A combination of detective work, art expertise, and a few strokes of serendipity led researchers to a rare and “incredibly wonderful” achievement: completing a family portrait that had been missing the mother for nearly two centuries.
“It is a huge scoop for Dutch baroque art history and for our collection that research has led us to the discovery of this incredible female portrait,” Andrea Rygg Karberg, museum director at the Nivaagaard Collection in Denmark, said in a press release statement.
The baroque family portrait by Flemish painter Cornelis de Vos was painted in 1626, but the large double portrait housed at The Nivaagaard Collection only featured a father holding his young son’s hand. In the lower right hand corner of the portrait a dress could be seen, indicating that the boy’s mother must have been “cropped” out at some point. That theory turned out to be right.
According to the museum, the “hunt for traces of the missing mother” started last year.
The initial clues as to whom the woman might be emerged when researchers found a 1966 conservation report at the National Museum of Art in Copenhagen that included photos of the artwork of the father and son. But unlike the painting they had seen, which was framed with an old and yellowed varnish and layer of paint, it was unframed and cleaned. This older version revealed an “elaborate” cuff and a portion of the missing person’s arm, along with a “delicate” hand that held embroidered gloves.
With these new details, the researchers studied other portraits by de Vos, hoping to glean any more information. But in a twist typical of the modern world, it was ultimately a Google search that led them to the woman.
“Spurred on by the black-striped satin skirt that was faintly visible in the lower right corner, we began our search by looking for matchers among all the sitting women in de Vos’ oeuvre, and this turned up dozens of women amongst the archives of RKD and the Getty Research Institute. So we had a pretty good idea as to what the missing woman might look like,” researcher and special consultant Professor Dr. Jørgen Wadum said about the discovery. “But it was only after I Googled ‘portrait of a lady’ that I first found her. And it was totally unexpected!”
The painting — fittingly called “Portrait of a Lady” and also dated 1626 — depicts a woman with a similar millstone collar to the one of the father. It was auctioned for sale at Christie’s in London in 2014 to an art dealer who fortunately had the portrait cleaned and restored, thus revealing a distant landscape and a blue sky with clouds.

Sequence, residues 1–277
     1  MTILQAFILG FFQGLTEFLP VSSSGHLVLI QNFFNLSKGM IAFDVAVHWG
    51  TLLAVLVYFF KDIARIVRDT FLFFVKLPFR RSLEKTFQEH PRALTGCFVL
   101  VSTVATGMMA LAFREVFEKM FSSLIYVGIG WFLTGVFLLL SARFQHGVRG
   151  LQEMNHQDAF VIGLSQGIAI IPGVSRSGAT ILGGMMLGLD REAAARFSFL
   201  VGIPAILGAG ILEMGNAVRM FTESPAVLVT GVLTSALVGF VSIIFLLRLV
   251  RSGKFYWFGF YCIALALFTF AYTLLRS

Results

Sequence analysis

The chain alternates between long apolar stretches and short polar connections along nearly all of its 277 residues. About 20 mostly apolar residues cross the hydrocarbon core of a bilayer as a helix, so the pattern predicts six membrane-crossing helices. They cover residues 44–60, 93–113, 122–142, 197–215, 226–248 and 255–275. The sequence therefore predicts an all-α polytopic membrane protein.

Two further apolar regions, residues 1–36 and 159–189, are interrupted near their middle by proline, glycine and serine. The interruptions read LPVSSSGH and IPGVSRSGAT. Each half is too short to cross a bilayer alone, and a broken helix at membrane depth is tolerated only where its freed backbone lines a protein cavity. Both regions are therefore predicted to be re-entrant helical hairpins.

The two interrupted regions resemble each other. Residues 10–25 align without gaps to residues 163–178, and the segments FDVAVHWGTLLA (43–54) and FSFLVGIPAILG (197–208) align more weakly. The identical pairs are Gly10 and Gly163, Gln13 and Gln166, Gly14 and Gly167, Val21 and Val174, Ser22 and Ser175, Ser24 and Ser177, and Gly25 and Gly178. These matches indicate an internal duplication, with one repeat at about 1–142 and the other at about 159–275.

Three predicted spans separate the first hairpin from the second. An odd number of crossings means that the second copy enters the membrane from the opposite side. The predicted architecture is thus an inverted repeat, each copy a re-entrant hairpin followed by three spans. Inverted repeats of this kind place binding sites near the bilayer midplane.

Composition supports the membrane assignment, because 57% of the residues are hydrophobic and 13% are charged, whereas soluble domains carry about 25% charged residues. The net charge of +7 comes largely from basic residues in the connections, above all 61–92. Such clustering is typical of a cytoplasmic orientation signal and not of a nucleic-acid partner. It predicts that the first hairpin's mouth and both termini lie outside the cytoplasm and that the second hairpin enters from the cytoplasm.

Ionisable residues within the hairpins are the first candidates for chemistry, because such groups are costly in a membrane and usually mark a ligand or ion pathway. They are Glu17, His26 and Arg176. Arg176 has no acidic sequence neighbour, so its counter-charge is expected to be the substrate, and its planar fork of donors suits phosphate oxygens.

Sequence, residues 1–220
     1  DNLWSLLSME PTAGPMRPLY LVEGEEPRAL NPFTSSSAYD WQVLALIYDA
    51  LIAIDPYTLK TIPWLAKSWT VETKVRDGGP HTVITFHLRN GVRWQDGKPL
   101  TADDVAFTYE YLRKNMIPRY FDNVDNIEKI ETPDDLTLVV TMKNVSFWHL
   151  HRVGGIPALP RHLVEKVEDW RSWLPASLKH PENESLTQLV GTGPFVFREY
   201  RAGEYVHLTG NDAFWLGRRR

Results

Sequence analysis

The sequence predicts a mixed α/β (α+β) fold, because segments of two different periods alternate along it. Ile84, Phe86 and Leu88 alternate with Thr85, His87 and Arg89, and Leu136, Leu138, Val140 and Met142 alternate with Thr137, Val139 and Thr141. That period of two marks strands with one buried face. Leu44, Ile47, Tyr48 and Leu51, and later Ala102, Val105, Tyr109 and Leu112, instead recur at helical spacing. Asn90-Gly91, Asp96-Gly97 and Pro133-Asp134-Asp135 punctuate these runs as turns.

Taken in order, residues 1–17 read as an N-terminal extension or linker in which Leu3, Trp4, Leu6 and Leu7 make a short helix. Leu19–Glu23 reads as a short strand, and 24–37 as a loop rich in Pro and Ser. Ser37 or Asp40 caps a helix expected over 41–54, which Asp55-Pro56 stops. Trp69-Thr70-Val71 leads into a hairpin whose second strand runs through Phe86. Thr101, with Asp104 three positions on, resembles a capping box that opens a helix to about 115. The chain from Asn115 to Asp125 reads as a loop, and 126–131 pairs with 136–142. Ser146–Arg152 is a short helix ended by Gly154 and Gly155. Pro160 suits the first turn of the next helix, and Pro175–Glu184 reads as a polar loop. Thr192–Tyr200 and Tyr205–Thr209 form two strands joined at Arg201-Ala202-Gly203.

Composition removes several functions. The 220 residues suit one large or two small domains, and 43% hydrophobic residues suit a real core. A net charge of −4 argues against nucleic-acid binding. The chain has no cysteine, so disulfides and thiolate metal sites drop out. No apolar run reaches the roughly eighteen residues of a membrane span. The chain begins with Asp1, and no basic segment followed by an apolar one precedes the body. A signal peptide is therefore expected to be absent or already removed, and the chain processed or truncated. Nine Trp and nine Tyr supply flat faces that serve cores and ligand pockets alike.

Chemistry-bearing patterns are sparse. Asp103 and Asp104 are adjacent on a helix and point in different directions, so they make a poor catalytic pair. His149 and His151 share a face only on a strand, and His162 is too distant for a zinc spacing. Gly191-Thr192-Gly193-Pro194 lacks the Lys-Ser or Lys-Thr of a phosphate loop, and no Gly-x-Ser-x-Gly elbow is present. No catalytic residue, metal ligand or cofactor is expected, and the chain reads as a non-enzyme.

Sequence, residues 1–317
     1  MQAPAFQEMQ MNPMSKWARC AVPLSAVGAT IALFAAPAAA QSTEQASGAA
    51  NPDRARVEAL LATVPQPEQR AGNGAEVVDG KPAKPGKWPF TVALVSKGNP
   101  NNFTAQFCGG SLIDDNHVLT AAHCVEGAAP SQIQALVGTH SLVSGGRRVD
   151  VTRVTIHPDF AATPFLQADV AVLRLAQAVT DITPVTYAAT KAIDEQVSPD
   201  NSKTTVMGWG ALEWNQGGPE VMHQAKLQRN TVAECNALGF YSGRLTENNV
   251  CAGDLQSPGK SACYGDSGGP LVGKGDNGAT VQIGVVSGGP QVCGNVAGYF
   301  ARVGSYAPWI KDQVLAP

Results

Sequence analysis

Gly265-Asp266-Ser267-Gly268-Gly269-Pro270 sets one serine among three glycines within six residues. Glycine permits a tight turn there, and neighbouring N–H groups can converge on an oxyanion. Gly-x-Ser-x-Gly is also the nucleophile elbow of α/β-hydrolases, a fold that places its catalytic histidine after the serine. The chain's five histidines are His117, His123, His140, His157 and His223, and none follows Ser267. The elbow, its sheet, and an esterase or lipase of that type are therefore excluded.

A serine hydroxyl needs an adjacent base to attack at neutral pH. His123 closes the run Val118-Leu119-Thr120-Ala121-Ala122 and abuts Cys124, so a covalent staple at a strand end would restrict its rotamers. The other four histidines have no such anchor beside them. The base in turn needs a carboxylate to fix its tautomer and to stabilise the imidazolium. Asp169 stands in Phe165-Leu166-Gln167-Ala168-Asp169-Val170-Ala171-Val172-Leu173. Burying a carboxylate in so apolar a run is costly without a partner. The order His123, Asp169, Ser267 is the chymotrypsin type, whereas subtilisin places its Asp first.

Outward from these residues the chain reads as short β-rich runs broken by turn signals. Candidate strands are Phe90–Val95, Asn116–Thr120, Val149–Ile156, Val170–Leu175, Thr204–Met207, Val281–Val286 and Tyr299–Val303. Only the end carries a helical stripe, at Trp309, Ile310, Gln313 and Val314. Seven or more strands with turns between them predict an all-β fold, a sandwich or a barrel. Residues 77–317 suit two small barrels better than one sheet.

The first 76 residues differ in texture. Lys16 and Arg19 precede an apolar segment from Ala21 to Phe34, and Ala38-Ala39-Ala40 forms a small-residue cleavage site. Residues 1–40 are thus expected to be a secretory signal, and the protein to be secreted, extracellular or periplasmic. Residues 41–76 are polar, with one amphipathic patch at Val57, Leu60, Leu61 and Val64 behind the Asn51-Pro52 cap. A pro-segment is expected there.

These details provided vital information to match the portraits, as the landscape of the husband and son continues in the portrait of the woman, and the overcast skies correspond with both the images. Another telling detail: the mother’s facial features and brown eyes match the son’s.
“The mother now looks out at us together with her son, whose gaze is so similar to hers,” said Karberg, who also noted in a video about the portrait that she always found it “strange” to see a blue-eyed dad and a brown-eyed son.
The museum said there is “no doubt” the researchers have reunited the family, adding that “it only happens very rarely that divided paintings from that time succeed in being reunited.”
So why was the family portrait divided in the first place? Researcher and curator Angela Jager explained in the video that it could be because the lower right corner is “damaged” (potentially from water or a fire) or for a sales purpose — having two portraits rather than one huge canvas.
Now, researchers are working to answer a new question: Who is this family?
Jager told Nice News in an email, “Our investigations in the identity of the family is ongoing. I will be traveling to England in June to conduct research in archives there.”
In the meantime, the family is together once again, thanks to a grant from the New Carlsberg Foundation. After almost 200 years of being apart, the paintings hang next to each other at the Danish museum in unity.
“All three of the subjects take on an entirely new dimension, depth, and glow when they are contemplated together as originally intended, rather than in isolation from each other,” said Karberg.